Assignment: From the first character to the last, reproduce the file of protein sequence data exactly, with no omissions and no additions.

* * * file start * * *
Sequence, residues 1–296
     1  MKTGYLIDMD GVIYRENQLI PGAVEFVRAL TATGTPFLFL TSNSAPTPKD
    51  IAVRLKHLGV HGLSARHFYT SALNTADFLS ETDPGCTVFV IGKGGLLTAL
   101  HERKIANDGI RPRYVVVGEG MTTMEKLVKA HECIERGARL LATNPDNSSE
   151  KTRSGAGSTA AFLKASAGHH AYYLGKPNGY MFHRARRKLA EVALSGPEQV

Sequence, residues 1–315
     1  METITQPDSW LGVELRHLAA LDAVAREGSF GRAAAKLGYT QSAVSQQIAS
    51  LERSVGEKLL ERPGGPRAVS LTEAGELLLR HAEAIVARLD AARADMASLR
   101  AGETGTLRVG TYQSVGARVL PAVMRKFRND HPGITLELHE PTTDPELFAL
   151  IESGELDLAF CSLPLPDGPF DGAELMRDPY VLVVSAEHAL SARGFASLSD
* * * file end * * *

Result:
Sequence, residues 1–296
     1  MKTGYLIDMD GVIYRENQLI PGAVEFVRAL TATGTPFLFL TSNSAPTPKD
    51  IAVRLKHLGV HGLSARHFYT SALNTADFLS ETDPGCTVFV IGKGGLLTAL
   101  HERKIANDGI RPRYVVVGEG MTTMEKLVKA HECIERGARL LATNPDNSSE
   151  KTRSGAGSTA AFLKASAGHH AYYLGKPNGY MFHRARRKLA EVALSGPEQV

Sequence, residues 1–315
     1  METITQPDSW LGVELRHLAA LDAVAREGSF GRAAAKLGYT QSAVSQQIAS
    51  LERSVGEKLL ERPGGPRAVS LTEAGELLLR HAEAIVARLD AARADMASLR
   101  AGETGTLRVG TYQSVGARVL PAVMRKFRND HPGITLELHE PTTDPELFAL
   151  IESGELDLAF CSLPLPDGPF DGAELMRDPY VLVVSAEHAL SARGFASLSD